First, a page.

You are here: Start
The Flow-Theory is one of the fundamentals for gamification, describing how games and gamification designs keep increasing difficulty to match the growing skills of a player. Basically, when you play a game for the first time, you don’t know yet the rules and intricacies of the game. That’s why it on-boards you with simple tasks and exposes you to few features. In Angry Birds you just start with one type of birds. But once you become more familiar with the game, it adds new features, more difficult challenges, fiercer enemies. Angry Birds gives you more complex structures to destroy and adds more types of birds.
This is what gamification designers aim at replicating. Instead of exposing a user to all features of let’s say a CRM system right away, users need to show repeatedly that they master those tasks and gradually the CRM system unlocks more features. Sony demonstrated an example with their Sony EvolutionUI for Android phone users.
If you don’t adapt difficulty to a user’s or player’s skills, the system either starts out as frustrating or becomes boring over time.
Brazilian startup Beonpop is taking a refreshing view on how to measure social media influence. Already sporting 300,000 users globally, Beonpop currently harvests data from Facebook (connections to more social networks are planned) and calculates a timeline of POPs - Beonpop's own influencer score - that rank performance and influence. Based on Facebook-typical activities such as Likes, comments, and shares on a users posts the POPs are then used to rank the user against connections.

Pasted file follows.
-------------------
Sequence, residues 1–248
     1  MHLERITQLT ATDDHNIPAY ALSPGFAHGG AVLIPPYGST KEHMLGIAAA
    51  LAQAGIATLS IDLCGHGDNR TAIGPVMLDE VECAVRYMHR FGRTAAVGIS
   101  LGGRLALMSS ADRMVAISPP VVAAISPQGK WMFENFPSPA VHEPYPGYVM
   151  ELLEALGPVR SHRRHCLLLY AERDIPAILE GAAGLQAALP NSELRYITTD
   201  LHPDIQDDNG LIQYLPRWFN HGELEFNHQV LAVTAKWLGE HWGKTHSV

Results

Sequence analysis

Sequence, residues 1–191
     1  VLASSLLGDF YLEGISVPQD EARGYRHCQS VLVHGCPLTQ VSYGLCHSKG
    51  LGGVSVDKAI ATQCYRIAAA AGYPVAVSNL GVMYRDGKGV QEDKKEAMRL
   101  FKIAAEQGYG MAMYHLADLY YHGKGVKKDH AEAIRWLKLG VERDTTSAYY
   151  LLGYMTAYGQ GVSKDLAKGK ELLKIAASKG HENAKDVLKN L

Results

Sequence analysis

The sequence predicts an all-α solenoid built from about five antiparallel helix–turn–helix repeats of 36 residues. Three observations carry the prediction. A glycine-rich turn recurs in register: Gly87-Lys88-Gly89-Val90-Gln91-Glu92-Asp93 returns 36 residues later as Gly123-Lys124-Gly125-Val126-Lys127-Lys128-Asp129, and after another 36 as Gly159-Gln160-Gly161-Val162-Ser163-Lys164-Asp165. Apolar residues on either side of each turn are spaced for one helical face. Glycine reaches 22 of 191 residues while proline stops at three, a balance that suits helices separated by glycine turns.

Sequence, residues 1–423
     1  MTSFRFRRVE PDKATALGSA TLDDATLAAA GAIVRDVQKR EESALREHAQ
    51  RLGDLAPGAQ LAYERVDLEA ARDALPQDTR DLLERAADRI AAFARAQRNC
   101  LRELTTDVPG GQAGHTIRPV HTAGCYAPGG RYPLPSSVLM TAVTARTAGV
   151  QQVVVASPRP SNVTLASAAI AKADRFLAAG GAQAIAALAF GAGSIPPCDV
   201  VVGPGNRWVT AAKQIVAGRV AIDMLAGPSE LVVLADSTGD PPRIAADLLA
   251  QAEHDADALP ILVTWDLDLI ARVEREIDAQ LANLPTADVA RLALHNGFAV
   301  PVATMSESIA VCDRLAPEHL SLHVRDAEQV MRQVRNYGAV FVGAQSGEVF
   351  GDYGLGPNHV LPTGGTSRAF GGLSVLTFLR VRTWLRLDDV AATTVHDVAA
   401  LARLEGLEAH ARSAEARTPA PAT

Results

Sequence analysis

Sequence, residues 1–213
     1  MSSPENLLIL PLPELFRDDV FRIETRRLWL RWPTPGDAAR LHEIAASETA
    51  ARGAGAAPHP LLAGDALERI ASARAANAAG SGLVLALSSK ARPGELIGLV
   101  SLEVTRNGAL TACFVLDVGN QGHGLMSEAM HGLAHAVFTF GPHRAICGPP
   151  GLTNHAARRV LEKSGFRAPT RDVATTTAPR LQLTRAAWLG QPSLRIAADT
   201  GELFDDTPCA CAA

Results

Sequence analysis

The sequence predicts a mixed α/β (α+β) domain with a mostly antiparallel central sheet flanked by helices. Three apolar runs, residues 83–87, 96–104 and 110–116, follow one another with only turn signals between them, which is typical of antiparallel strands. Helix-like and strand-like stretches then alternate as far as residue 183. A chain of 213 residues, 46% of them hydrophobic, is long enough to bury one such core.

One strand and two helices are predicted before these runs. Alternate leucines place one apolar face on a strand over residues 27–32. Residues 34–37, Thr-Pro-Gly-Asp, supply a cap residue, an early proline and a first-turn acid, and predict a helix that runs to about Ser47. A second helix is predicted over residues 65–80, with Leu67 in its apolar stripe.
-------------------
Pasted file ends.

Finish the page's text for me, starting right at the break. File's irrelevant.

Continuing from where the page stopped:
A newcomer like Beonpop is highly needed, after prominent competitors such as Klout have stalled with their features. Influencer scores have become a criteria for hiring decisions for social media positions, and may indicate to companies to better pay attention to certain influential individuals when there is a complaint about a service or product.
Unlike Klout, Beonpop's score is open ended and not limited to a value between 0 and 100. This fact has led in the past to Justin Bieber showing a higher Klout-score than president Obama, and required Klout to adjust their algorithm.
The HCP Gamification Service is now publicly available on SAP HANA Cloud Platform Trial. It allows to rapidly introduce gamification concepts into applications. The service includes an online development and administration environment for easy implementation. The underlying gamification rule management provides support for sophisticated gamification concepts, covering time constraints, complex nested missions and collaborative games. The service comes even with a subscription to a sample application for easy exploration.
Here is the documentation how to get started with the SAP HCP Gamification Service Trial.
Enterprise Gamification Consultancy published the first Gamification Industry Report comparing twelve universal, enterprise grade gamification platforms and ranking them across multiple categories. The following is a small excerpt of the report. The report can be purchased in full here.
In the Gamification Platform Leader Matrix (Figure 1) we plotted product and service offerings against the visionary strength of each platform. We clustered the platforms into Leaders, Followers, and Contenders. Leaders are strong in both categories, offering rich features and tools to design and operate a gamified system, and also offering strong vision in their approach and platform architecture. Elements that define a strong vision can include the use of gamification design models, new standards, thought leadership in how to use gamification data, or the application of visual and novel gamification design elements.